Councils 'swamped' by checks on rights of vulnerable
Councils in England and Wales are being overwhelmed with requests to ensure the human rights of vulnerable people are not being abused.
A landmark ruling from the Supreme Court earlier this year led to tens of thousands more requests for deprivation of liberty assessments in care homes and hospitals.
Most are not being carried out within the legal deadlines, new figures show.
Councils have called for urgent government help.
The Supreme Court ruled in March that disabled people have the same rights to "physical liberty" as everyone else.
This lowered the threshold of deprivation of liberty safeguards (DoLS) under the Mental Capacity Act to cover disabled people living in care homes and hospitals.
When someone in a care homes or hospital, usually suffering from a severe learning disability or dementia, has limits put on what they can do or where they can go for their own safety, the institution has to apply to the local council to authorise the deprivation of liberty
It means councils should assess if their human rights are being respected and that there are no unnecessary barriers to them moving around - being confined to one room all day or making the garden out of bounds, for example.
The safeguards should ensure that a care home, hospital or supported living arrangement only deprives someone of their liberty in a safe and correct way, and that this is only done when it is in the best interests of the person and there is no other way to look after them.
Someone's liberty can be deprived by a doctor, for instance, if they believe the person, who usually has a severe learning disability or dementia, would be in danger otherwise.
If a hospital or care home deprive someone of their liberty - for example, by putting restrictions on where they can go - they must get the restrictions approved by the local authority.
Figured obtained through Freedom of Information requests by the online journal Community Care reveal councils have seen a surge in DoLS assessment requests.
In 2013-2014, 174 councils in England and Wales received 8,602 requests. Since April this year they've had 33,476 applications.
Hertfordshire County Council has seen applications rise from 262 last year to 2,623 so far this year.
Best Interest Assessors, usually social workers, who carry out the assessments say they have neither the time nor resources to carry out applications and that it's impossible for them to meet legal timescales - the supervisory body should arrange for an assessment to take place within 21 days of receiving an application. An 'urgent' one must be done within seven days.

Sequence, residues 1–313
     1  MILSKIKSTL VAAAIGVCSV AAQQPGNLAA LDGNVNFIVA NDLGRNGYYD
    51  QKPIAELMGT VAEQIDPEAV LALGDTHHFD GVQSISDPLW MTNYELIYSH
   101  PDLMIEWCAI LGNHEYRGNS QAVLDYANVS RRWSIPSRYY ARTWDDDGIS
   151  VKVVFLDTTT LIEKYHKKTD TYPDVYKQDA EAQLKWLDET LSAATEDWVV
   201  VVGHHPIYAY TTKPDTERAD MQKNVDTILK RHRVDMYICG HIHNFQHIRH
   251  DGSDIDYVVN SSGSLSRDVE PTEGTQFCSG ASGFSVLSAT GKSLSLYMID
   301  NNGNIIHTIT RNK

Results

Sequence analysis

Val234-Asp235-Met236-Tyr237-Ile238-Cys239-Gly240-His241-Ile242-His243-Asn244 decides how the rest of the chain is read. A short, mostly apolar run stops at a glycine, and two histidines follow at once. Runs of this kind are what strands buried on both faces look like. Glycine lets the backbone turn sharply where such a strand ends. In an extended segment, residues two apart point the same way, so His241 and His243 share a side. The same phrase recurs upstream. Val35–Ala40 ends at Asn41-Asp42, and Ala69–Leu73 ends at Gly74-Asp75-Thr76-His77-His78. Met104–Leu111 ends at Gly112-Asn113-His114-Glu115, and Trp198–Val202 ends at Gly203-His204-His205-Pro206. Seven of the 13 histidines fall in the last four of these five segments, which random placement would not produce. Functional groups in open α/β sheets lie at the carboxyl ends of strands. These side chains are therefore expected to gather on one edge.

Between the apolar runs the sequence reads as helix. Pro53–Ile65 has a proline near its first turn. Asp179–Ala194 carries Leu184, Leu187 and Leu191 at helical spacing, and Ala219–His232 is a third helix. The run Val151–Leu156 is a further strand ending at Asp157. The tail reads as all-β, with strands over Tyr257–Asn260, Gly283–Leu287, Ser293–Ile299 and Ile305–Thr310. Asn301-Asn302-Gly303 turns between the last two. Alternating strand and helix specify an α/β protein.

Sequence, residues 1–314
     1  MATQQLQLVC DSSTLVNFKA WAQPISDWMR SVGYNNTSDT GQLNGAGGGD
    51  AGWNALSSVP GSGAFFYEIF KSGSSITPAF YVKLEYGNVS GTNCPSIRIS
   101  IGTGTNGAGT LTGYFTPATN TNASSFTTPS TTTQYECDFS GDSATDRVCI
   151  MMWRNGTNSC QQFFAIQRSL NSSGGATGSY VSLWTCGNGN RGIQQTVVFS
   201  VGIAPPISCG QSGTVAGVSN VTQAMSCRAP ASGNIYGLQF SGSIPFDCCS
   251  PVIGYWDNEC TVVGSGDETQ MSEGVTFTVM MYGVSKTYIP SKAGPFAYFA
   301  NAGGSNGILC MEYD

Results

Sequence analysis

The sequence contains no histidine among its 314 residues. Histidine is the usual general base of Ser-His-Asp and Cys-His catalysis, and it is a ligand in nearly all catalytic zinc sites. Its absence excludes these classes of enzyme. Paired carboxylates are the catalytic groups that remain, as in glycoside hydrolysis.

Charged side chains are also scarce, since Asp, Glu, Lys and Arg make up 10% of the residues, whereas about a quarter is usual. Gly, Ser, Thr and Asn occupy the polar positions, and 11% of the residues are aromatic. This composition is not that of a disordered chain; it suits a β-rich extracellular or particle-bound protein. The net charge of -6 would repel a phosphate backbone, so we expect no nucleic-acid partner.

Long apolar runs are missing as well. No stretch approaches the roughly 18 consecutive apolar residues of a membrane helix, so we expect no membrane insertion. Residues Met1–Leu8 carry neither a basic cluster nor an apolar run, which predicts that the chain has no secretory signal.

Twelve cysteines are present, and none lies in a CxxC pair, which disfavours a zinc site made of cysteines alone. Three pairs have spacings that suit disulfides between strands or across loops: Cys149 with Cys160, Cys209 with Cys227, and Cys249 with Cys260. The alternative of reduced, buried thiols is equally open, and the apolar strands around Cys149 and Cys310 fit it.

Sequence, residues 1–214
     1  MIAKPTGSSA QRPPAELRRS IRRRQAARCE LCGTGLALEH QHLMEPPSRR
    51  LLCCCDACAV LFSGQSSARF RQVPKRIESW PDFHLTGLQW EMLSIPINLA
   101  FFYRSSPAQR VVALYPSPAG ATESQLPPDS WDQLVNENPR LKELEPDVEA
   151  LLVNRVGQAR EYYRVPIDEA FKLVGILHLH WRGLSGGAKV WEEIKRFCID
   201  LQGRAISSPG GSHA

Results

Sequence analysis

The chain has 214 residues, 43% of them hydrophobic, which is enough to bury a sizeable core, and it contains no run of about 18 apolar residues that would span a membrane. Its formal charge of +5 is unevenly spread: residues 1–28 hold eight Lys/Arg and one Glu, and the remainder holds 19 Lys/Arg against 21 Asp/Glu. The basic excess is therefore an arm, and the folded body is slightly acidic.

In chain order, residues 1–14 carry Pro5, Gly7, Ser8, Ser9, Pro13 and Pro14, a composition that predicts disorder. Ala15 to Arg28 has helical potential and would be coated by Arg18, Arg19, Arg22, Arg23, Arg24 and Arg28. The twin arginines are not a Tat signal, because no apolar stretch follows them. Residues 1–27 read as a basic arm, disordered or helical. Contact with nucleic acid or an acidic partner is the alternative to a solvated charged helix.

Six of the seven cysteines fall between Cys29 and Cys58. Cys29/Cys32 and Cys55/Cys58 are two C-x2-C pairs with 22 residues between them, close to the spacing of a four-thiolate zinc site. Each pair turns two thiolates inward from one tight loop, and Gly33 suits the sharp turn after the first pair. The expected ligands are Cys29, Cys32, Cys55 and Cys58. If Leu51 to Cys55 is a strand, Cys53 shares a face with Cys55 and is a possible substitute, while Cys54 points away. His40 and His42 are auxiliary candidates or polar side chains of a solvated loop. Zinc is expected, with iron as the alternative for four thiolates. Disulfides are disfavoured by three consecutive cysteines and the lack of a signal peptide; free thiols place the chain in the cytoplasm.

Last year, just 2.2% of assessments breached legal timescales; so far this year it's 50.2%.
Mathieu Culverhouse, an associate solicitor at Irwin Mitchell who was involved in the Supreme Court judgement, said: "It was anticipated that the Supreme Court's judgment would lead to a significant increase in applications for DoLS assessments and this is now reflected in these latest figures.
"This increase is to be welcomed, as it means that large numbers of vulnerable adults who were not previously considered to need DoLS authorisations will now have the benefit of regular reviews of their protective care regimes. It is concerning that in many cases the assessment process is not taking place within the required time limits and it is to be hoped that the government will take note and provide the necessary resources to ensure that DoLS assessments can be carried out promptly in all cases."
The Local Government Association says the demand for assessments is likely cost councils £88 million and is wanting the government to provide additional funding.
Councillor Izzi Seccombe, Chair of the LGA's Community Wellbeing Board, said: "These alarming figures back up our previous warnings that councils would buckle under the financial pressure of a rise in assessments. We completely agree with the principle of having broader, more robust checks for people needing care, but the Government needs to provide adequate funding so that councils have the time and money to do this properly.
"Failure to do this will have a hugely damaging impact on crucial social care services on which people rely and will lead to more vulnerable people left facing long waiting times for assessments."
David Pearson, president of the Association of Directors of Social Services said the delays in carrying out assessments were "very regrettable but inevitable".
"This matter is very urgent and the government needs to share responsibility with us for urgently responding to the challenge of getting this right for people who lack capacity."
A government spokesman said: "The Health and Social Care information Centre is collecting data on this impact and we will carefully consider the results when they are published shortly."